Confirming stories emerging in the UK press, the BBC has announced the appointment of Jana Bennett, current director of BBC Vision, as president, worldwide networks and Global iPlayer for commercial arm BBC Worldwide.
Bennett will take up the post in February, and will be tasked with overseeing BBC Worldwide’s wholly-owned BBC-branded channels, including BBC Entertainment, BBC Knowledge, BBC Lifestyle, CBeebies and BBC HD, and for BBC Worldwide’s 50% share in UKTV. She will also take charge of the Global iPlayer initiative, set to launch in the first half of 2011.
‘I have worked with her for many years, and have long harbored a wish to bring her talents into BBC Worldwide,’ said John Smith, CEO of BBC Worldwide, in a statement. ‘I am delighted she is joining us in a role where her editorial skills, her understanding of what the BBC means, and her knowledge of launching and running successful channels will be harnessed globally.
‘We have launched 26 channels over the last four years, and have high ambitions for them,’ he continued. ‘They are a primary focus of investment and a key means of showcasing quality British content to consumers around the world. Jana will drive them to the next level on every front – reach, ratings, revenue and editorial excellence.’
Mark Thompson, director general of the BBC, called Bennett ‘an outstanding creative leader of the BBC and a very supportive executive colleague.’ Remarking that the BBC’s channels are in ‘their strongest shape for a decade,’ Thompson said Bennett ‘is just the person to take our international channels to the next level and oversee the creation of a successful Global iPlayer.’
The Global iPlayer is expected to launch initially on the iPad platform. During his speech at the Digital TV Summit in London, BBC.com EVP/MD Luke Bradley-Jones said the BBC will be ‘adopting pure paid subscription model’ for its launch.
In an internal email to BBC staff obtained by The Guardian, Thompson said Bennett ‘helped reinvent Saturday night entertainment with Strictly Come Dancing and Doctor Who, and brought The Apprentice to the channel.’ The Guardian broke the story of Bennett’s imminent departure from BBC Vision yesterday.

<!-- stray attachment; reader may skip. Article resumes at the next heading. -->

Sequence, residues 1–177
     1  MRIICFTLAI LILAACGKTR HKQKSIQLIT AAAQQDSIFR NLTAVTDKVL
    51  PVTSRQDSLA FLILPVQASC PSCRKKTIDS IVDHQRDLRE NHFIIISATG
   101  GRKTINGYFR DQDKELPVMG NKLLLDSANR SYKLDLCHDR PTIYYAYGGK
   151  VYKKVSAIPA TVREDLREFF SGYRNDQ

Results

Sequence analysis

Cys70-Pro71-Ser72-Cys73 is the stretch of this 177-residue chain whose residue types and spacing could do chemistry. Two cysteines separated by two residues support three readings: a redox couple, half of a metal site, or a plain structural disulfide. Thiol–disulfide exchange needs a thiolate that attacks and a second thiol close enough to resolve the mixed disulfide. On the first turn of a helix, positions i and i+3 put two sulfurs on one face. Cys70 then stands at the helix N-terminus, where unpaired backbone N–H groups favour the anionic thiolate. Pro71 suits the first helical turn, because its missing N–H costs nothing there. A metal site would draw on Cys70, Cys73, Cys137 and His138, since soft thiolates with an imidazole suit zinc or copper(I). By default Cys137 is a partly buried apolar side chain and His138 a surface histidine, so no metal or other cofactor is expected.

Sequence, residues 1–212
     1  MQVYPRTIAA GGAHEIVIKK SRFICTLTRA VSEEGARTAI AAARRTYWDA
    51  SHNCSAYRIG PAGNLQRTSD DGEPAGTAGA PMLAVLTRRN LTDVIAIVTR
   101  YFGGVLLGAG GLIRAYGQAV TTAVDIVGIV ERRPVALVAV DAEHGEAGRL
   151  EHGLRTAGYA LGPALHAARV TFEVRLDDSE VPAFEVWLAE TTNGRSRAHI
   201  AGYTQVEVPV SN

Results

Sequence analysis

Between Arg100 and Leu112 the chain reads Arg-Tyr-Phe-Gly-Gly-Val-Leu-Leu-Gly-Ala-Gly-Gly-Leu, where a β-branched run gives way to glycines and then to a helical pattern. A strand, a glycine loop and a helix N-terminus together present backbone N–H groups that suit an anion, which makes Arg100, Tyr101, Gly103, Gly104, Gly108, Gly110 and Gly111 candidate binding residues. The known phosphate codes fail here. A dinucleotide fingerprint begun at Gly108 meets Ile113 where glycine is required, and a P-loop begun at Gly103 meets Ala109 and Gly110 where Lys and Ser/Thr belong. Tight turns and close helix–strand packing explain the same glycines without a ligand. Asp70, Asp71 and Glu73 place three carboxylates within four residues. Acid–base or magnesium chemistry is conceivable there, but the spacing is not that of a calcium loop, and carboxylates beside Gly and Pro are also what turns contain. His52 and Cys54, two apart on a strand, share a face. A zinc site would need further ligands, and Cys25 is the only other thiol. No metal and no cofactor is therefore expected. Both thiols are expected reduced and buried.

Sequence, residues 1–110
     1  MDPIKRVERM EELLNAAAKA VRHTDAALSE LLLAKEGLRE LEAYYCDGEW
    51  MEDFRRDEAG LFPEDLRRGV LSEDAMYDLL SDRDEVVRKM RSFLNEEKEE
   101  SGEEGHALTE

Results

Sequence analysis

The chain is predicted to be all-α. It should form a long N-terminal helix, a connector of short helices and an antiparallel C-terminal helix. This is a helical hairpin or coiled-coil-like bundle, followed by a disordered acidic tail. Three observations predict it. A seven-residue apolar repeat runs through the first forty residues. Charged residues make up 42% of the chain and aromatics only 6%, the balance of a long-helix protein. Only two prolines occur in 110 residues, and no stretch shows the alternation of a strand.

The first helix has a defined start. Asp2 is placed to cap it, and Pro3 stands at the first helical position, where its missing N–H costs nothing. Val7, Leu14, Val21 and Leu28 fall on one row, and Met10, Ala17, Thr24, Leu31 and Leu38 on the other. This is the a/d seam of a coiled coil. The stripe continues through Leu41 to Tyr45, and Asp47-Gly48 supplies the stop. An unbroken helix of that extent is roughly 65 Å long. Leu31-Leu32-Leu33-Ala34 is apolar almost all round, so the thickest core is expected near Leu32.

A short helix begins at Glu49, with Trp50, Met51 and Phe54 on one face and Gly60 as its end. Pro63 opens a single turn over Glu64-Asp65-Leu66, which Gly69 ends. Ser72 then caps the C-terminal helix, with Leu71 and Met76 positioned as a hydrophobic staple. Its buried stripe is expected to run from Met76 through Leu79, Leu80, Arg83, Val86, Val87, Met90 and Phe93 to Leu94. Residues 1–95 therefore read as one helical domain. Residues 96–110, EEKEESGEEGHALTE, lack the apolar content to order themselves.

‘I have seen our portfolio of channels grow and have worked with the very best talent that the UK’s creative industries have to offer,’ said Bennett. ‘The sheer variety and pace of life in the role has been breathtaking but I go knowing that BBC Vision is in great shape. It is a phenomenal powerhouse of creative achievement and I am sure it will continue to flourish. For me, however, I am looking forward to an amazing opportunity in an international role at BBC Worldwide, where I hope to grow the reputation of the BBC around the world still further.’
Bennett served as the BBC’s director of television from 2002 to 2006, when she took on the newly-created role of director of BBC Vision. During her tenure, she oversaw the launch and growth of the Beeb’s digital channel roster, including BBC Three, BBC Four, BBC HD and BBC One HD. The BBC’s channels have by and large fared well under her watch; in the release announcing her move to BBCW, the Corporation touted the channel group’s increase in reach, share and AI scores in 2010, with BBC One remaining the UK’s most watched channel, increasing its share in peaktime, and BBC Three being the most-watched digital channel in its hours.
Still, her tenure was not without controversy, with Bennett being criticized for a ‘lack of curiosity’ by an independent inquiry during the ‘Crowngate’ affair of 2007. The tempest at the time swirled around a promotional trailer for an upcoming five-part series on the Monarchy, edited in a manner to depict the Queen ‘storming out’ of a room, when in fact she was entering the scene. The flap resulted in the exit of then-BBC One controller Peter Fincham; the series eventually aired as Monarchy: The Royal Family At Work.
As for who will replace Bennett in her current role, a few names within the organization have been bandied about by the UK press, including director of archive content Roly Keating, director of BBC North Peter Salmon and George Entwistle, controller of knowledge commissioning. Others from outside the Beeb that are being rumored for the position include Nutopia head/former BBC Two controller Jane Root, ITV Studios head Kevin Lygo and former TalkbackThames chief exec Lorraine Heggessey, also the first woman to be named controller of BBC One in 2000.